By Li Yu’s reign, however, Southern Tang was under severe threat from the armies of Zhao Kuangyin in the north. The latter had established the Song Empire, and before long, Southern Tang was reduced to no more than a mere vassal state. Eventually, Li Yu was forced to formally surrender to Zhao in AD 975, and subsequently, kept under house arrest in Kaifeng. There, Li Yu and his family would languish for three years. The tragic Chinese emperor ultimately died from poisoning by the Second Song Emperor, Zhao Guangyi, in AD 978.
An Accomplished, Multi-Talented Artist
Of note, Li Yu is simultaneously hailed as one of China’s most artistically talented emperors, and condemned as an ineffectual ruler who first overindulged in the arts, then sought to appease the Zhao family through constant land concessions. Another way of putting it would be to say that Li Yu was more of an artist than a ruler, and therefore, had no chance of victory against the military and logistic brilliance of Zhao Kuangyin. In his final years, Li Yu himself acknowledged his own shortcomings and lamented about them in several poignant poems. The most famous of these are nowadays regarded as gems of medieval Chinese literature. They have also inspired numerous Chinese operas and historical films, as well as television features.
Commonly referred to as Emperor Huizong of Northern Song, Zhao Ji, like Li Yu (see above), was an accomplished painter, poet, and calligrapher. So legendary were his skills he even had a style of Chinese calligraphy named after him. On the other hand, he was terrible as a ruler, constantly overemphasizing the arts and Taoism while making numerous diplomatic mistakes. During his reign, Northern Song was constantly under severe threat of invasion by the Northern Jurchens, but Zhao Ji and his ministers did little to contain the threat. Their negligence, their aloofness finally invited an all-out invasion by the Jurchens in AD 1126.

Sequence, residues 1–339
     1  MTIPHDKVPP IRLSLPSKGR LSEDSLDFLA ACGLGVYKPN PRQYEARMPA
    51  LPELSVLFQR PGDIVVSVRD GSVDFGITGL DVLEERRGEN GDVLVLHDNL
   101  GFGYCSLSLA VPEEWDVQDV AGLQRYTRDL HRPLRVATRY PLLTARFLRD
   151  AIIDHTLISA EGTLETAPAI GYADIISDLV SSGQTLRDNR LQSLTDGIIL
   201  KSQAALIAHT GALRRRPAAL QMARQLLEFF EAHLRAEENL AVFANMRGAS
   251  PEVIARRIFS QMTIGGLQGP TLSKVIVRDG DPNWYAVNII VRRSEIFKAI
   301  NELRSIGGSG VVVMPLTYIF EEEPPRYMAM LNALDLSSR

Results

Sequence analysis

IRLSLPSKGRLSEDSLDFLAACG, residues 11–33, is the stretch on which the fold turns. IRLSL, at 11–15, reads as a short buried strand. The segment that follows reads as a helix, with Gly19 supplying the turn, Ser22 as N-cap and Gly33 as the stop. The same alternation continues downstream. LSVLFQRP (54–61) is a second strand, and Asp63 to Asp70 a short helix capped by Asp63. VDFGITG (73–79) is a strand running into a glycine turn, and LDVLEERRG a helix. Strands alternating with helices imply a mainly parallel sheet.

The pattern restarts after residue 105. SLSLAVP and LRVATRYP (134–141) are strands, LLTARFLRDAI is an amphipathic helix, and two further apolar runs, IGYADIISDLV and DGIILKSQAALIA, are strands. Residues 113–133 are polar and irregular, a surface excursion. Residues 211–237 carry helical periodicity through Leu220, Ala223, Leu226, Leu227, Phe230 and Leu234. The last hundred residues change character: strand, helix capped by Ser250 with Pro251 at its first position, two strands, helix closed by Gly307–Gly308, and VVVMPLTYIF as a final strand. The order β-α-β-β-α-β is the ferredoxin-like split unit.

In the face of disaster, Zhao Ji did the absurd. He abdicated and passed the throne to his eldest son Zhao Huan, an act that neither saved his empire nor himself. Instead, when Song Capital Bianjing fell the next year, both Zhao Ji and his son were swiftly captured. The two tragic Chinese emperors then spent the rest of their lives as prisoners and hostages of the Jurchens. Zhao Ji himself died eight years later. Before his death, he suffered repeated humiliations at the hands of the Jurchens. These include a demotion to the status of a commoner, being forced to honor Jurchen ancestors, and being conferred the derogatory title of Besotted Duke.
Whenever a reign ends with captivity in Chinese history, the emperor would be assumed to be inept. In other words, deserving of his fate. Personally, I would say this was not the case for Zhao Huan, otherwise known as Emperor Qinzong of Northern Song. His father, Zhao Ji (see above) forced the throne on him when he was 26 years old. By then, the Jurchens had invaded, and by most accounts, were plain unstoppable. If anything, young Zhao Huan’s only mistake was focusing on negotiations instead of putting up a strong resistance. In AD 1127, his capital was overrun and Zhao Huan was taken captive together with his father. He would spend the rest of his life broken and humiliated, a prisoner of the Jurchens till death in AD 1161.
Historically, the capture of Zhao Huan and his father is referred to as the Jingkang Incident (靖康之恥), and this is considered one of the most humiliating episodes in Chinese history. It also ended what is now called the Northern Song Dynasty, with remnant Chinese forces relinquishing Northern China and relocating their capital to the southern city of Lin’an. Chinese periodic stories such as Wuxia are fond of referencing this incident, and a common trope is the quest to rescue the two captive emperors. Sadly, the truth was that the first emperor of the Southern Song dynasty was more than happy to leave the two captive Chinese emperors in Jurchen hands. The succeeding emperor, Gaozong, dreaded having to relinquish the throne in the event of Zhao Huan being rescued. This effectively doomed poor Zhao Huan, resulting in him spending more than half of his life in captivity.